Europe's first farmers replaced their Stone-Age hunter-gatherer forerunners: Analysis of ancient DNA from skeletons suggests that Europe's first farmers were not the descendants of the people who settled the area after the retreat of the ice sheets.
Instead, the early farmers probably migrated into major areas of central and eastern Europe about 7,500 years ago, bringing domesticated plants and animals with them, says Barbara Bramanti from Mainz University in Germany and colleagues.
The researchers analyzed DNA from hunter-gatherer and early farmer burials, and compared those to each other and to the DNA of modern Europeans. They conclude that there is little evidence of a direct genetic link between the hunter-gatherers and the early farmers, and 82 percent of the types of mtDNA found in the hunter-gatherers are relatively rare in central Europeans today.
For more than a century archaeologists, anthropologists, linguists, and more recently, geneticists have argued about who were the ancestors of Europeans living today. We know that people lived in Europe before and after the last big ice age and managed to survive by hunting and gathering. We also know that farming spread into Europe from the Near East over the last 9,000 years, thereby increasing the amount of food that can be produced by as much as 100-fold. But the extent to which modern Europeans are descended from either of those two groups has eluded scientists despite many attempts to answer this question.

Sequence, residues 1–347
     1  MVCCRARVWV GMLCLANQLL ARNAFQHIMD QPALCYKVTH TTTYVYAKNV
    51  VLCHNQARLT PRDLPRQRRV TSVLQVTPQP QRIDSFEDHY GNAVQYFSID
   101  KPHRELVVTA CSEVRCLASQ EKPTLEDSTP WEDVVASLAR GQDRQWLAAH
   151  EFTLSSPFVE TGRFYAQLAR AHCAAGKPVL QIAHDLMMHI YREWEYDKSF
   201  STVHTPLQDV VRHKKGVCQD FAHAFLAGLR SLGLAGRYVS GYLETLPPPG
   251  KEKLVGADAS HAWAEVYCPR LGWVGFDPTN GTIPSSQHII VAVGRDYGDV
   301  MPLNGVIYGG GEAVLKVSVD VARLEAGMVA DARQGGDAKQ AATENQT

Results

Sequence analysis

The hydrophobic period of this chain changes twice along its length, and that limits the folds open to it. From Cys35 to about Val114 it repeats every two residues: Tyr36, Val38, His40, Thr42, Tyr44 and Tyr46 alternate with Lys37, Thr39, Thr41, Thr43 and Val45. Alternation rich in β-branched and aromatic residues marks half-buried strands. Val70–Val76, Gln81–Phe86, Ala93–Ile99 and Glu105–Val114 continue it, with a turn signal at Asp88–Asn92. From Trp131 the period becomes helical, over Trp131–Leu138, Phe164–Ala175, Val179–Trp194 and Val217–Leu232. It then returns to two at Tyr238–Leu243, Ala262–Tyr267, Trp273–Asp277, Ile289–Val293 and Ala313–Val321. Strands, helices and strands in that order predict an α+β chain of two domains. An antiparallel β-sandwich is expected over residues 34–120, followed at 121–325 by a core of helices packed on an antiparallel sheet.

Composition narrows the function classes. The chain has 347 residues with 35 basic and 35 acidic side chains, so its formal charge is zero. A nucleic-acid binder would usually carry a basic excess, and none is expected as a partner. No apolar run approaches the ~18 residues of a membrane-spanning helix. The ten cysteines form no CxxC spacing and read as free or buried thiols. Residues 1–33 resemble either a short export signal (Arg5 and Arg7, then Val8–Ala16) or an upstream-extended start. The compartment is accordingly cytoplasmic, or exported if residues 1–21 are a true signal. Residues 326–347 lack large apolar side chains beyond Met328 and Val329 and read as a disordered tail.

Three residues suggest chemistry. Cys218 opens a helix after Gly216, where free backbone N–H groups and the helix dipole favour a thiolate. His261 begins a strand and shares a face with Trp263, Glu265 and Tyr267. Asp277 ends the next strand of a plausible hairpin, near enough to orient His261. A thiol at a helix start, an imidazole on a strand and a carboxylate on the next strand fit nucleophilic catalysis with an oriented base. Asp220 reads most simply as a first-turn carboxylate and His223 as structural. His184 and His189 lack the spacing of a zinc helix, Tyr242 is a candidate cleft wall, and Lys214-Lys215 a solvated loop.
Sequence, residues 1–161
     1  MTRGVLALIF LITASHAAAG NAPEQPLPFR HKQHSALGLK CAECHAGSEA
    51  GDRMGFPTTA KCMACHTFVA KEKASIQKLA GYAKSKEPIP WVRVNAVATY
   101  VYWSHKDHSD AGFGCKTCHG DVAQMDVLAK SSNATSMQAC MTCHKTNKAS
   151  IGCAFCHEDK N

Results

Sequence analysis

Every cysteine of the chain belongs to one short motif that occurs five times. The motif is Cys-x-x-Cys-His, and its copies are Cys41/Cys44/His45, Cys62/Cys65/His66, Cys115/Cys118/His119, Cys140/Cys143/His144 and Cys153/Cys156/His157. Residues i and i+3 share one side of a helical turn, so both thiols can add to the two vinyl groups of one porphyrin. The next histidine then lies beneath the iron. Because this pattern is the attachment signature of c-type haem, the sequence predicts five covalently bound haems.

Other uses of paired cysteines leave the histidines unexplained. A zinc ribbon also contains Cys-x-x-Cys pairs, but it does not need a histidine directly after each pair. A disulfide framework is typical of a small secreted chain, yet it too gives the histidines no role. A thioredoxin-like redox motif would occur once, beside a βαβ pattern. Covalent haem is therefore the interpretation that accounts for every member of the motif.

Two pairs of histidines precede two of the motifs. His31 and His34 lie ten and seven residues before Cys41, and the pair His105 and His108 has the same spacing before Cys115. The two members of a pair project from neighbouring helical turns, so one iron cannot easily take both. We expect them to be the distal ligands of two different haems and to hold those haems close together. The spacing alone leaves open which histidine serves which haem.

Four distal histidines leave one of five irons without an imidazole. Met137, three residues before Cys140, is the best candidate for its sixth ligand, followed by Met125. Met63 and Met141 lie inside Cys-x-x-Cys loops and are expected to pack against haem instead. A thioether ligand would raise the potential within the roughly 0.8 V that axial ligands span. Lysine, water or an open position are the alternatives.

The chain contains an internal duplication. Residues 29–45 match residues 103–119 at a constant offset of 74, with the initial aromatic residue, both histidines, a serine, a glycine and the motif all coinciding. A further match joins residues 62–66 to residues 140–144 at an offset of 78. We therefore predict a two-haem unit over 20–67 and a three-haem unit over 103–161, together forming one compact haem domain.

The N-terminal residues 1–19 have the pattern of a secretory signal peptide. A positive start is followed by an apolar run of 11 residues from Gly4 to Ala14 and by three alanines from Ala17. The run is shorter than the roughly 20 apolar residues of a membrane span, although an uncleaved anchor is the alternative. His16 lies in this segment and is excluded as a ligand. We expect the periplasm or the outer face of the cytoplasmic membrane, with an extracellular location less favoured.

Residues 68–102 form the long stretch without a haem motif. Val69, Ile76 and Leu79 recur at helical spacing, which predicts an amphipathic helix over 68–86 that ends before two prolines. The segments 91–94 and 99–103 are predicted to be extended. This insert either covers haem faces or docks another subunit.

Now, a team from Mainz University in Germany together with researchers from University College London and Cambridge have found that the first farmers in central and northern Europe could not have been the descendents of the hunter-gatherers that came before them. But what is even more surprising, they also found that modern Europeans could not be solely the descendants of the hunter-gatherers or the first farmers, and are unlikely to be a mixture of just those two groups. "This is really odd," said Professor Mark Thomas, population geneticist at University College London and co-author on the study. "For more than a century the debate has centered around how much hunter-gatherer, how much early farmer? But now that: For the first time, we are able to look directly at the genes of these Stone-Age Europeans. And what we find is that some DNA types just aren't there, despite being common in Europeans today."
Humans arrived in Europe 45,000 years ago and replaced the Neandertals. From that period on, European hunter-gatherers experienced lots of climatic changes including the last Ice Age. After the end of the Ice Age some 11,000 years ago, the hunter-gatherer life style survived for a couple of thousand years but then was gradually replaced by agriculture. The question is whether this change in life style from hunter-gatherer to farmer was brought to Europe by new people or whether only the idea of farming did spread.
The new results from the Mainz team seem to solve much of this long-standing debate. "Our analysis shows that there is no direct continuity between hunter-gatherers and farmers in Central Europe," says Professor Joachim Burger. "As the hunter-gatherers were there first, the farmers must have immigrated into the area." The study identifies the Carpathian Basin as the origin for early Central European farmers. "It seems that farmers of the Linearbandkeramik culture immigrated from there 7,500 years ago into Central Europe, initially without mixing with local hunter gatherers." Barbara Bramanti, first author of the study adds: "This is surprising, because there were cultural contacts between the locals and the immigrants, but, it appears, no genetic exchange of women."
The new study confirms what Joachim Burger's team showed in 2005, i.e., that the first farmers were not the direct ancestors of the modern European. Burger says: "We are still searching for those remaining components of modern European ancestry. Hunter-gatherers and early farmers alone are not enough. But new ancient DNA data from later periods in European prehistory may shed light on this in the future."
Petra Giegerich | idw
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